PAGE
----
Expect the unexpected in Olympic trials

This year, the Winter Olympic Games will be held in Sochi, Russia from February 7 to 23. Already, the events leading up to this year’s games seems to exemplify a certain mantra: expect the unexpected. Whether it’s participating athletes, countries or the implications of Russia and Vladimir Putin hosting these games, there are bound to be several unique storylines that will define them for more casual followers over the next month.

To start things off, Shaun White, one of the most popular and successful professional snowboarders in the United States, took a nasty spill during his qualifier last week. White hadn’t gone down like that in quite a long time and was expected to be a shoo-in for the Games. Yet this crash made things interesting for White as he finished last out of 13 qualifiers in that round. Not so shockingly, however, White did so well in the half-pipe trials that he was able to qualify on his first run. Shaun does have two gold medals in the half-pipe and is looking to become the first American to win three golds in the same Winter Olympic event this year. Knowing White’s skill and reputation, his competition should be one of the more “sure things” at these Games.

One of the more heartwarming stories within the United States realm this year involves two twin sisters competing in the biathlon. Lanny and Tracy Barnes have been training together for the past fifteen years. While on a hike a few weeks ago, Tracy told her sister that she was giving  her spot in the games to her. Lanny had gotten sick and missed three of the four qualifying races, yet she still only finished one spot behind Tracy. Knowing her sister’s talent and work ethic, Tracy reasoned that Lanny deserved to go more than she did and graciously gave up her spot. In 2010, Lanny had had the fastest American time in the biathlon since 1994, yet felt as if she could have done better. Perhaps this gift was Lanny’s golden ticket to glory?

In 2014, Jamaica has a bobsled team. They have qualified for the Winter Games for the first time since 2002. Jamaica’s bobsled team first qualified in 1988 where their underdog appearance inspired the film Cool Runnings, yet this year, their appearance is not quite guaranteed. The team did qualify for the two-man competition, yet they do not have nearly enough funding to make the journey. The team needs around $80,000 which it does not have at the moment, yet all hope is not lost as 46 year-old sled driver Winston Watts is determined to get the team to Russia.  Watts believed the team will get the support it needs to compete.  And sure enough, in just about two days time, an online fundraising site entitled Crowdtilt managed to raise over $25,000 for the team.  Hopefully with further support Jamaica can make a famed appearance.

Amid all of the personal stories surrounding this year’s Winter Games (of which this article barely scraped the surface), perhaps the more looming and overarching stories deal with the location of the games themselves. In the past, Russian President Vladimir Putin offered his not-so-subtle opinion of gays, creating an anti-gay law, outlawing what it believes is “propaganda” of what it calls “non-traditional sexual relations” around minors, as Putin himself believed it would “keep the children safe.”  Naturally, this has stirred mass controversy beginning with its announcement and implementation. Now that athletes from across the world will be temporarily migrating to Russia, their concern for the President’s views as well as the laws themselves have been immensely heightened. Putin did say that no guests would have any problems and he “couldn’t care less” about the sexual orientation of Olympic guests and participants, yet this general blanket statement is not nearly satisfying enough for a man who has run and delegated his country according to such a code. Several world leaders including U.S. President Barack Obama, Canadian Prime Minister Stephen Harper, and French President Francois Hollande have refused to attend the games. Yet this controversy is not all that has Olympic athletes and fans throughout the world worried about the Sochi games.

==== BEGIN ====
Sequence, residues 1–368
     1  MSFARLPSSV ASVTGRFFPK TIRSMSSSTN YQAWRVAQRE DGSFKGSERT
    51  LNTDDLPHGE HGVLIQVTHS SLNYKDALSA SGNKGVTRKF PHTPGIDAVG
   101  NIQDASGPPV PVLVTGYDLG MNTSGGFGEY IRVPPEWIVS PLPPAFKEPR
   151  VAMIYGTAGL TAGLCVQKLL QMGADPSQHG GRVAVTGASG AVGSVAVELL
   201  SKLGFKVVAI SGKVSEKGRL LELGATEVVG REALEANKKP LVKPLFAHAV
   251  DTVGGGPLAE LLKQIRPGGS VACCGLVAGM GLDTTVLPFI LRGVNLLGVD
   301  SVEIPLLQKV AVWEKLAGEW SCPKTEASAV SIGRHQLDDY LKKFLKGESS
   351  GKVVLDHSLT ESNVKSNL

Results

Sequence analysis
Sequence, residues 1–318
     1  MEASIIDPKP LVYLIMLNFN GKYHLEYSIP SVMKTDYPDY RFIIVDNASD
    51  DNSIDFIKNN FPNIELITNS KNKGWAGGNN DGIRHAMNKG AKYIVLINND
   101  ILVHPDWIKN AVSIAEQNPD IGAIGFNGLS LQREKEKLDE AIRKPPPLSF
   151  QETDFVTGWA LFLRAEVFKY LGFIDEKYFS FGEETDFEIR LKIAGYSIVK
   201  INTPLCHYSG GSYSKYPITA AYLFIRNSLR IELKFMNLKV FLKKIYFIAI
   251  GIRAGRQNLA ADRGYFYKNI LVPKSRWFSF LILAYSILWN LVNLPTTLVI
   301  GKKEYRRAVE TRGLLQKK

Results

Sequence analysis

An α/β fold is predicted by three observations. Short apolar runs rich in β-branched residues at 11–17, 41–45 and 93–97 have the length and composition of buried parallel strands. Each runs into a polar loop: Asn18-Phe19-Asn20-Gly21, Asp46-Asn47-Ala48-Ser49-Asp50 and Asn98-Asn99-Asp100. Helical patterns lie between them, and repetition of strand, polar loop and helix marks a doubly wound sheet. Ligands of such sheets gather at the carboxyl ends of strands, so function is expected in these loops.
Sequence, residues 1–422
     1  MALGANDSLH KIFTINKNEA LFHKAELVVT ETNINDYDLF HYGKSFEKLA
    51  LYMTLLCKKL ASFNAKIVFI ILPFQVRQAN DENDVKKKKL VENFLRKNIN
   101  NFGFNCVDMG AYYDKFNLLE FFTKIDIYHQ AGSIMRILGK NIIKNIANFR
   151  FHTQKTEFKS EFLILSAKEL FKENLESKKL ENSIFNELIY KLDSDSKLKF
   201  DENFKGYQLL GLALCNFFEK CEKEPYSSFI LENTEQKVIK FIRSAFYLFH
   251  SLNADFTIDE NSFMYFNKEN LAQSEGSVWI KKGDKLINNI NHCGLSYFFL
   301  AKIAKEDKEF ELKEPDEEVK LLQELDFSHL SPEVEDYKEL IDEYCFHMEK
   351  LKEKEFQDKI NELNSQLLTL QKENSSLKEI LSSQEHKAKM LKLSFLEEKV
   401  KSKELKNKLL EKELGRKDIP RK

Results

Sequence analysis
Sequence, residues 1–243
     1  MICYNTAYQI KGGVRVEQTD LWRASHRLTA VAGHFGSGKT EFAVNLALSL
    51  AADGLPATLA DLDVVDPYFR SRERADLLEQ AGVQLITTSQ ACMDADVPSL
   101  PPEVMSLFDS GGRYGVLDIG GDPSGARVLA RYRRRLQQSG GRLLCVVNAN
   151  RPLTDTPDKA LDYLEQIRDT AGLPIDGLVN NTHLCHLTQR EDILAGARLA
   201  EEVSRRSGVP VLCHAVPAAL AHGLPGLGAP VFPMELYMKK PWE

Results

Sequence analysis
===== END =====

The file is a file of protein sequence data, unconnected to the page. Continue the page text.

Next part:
This past Sunday, a video emerged featuring two men who were believed to be suicide bombers from the bombings in Volgograd, Russia last month spoke of the games.  According to an article by Laura Smith-Spark and Catherine E. Schoicet, the men stated  “We’ve prepared a present for you and all tourists who’ll come over. If you will hold the Olympics, you’ll get a present from us for the Muslim blood that’s been spilled.”

The men go on to say they have a list of people who are prepared to help them take part in these actions; effectively enough for an attack every day. The Russian government, however, seems confident that they have every possible security measure in place. Despite some controversial opinions from several American politicians, it seems as if the Russians are confident in their security.

Unfortunately the only thing most people can do here is sit and wait. Whether viewers are more caught up in the journey of the Jamaican bobsled team and Lanny Barnes or the controversy and potential danger surrounding Sochi (two stories on opposite ends of the intensity spectrum), this year’s games will certainly make a lasting impression. Let us all just hope they end up having much more to do with the former stories and little to nothing to do with the latter.

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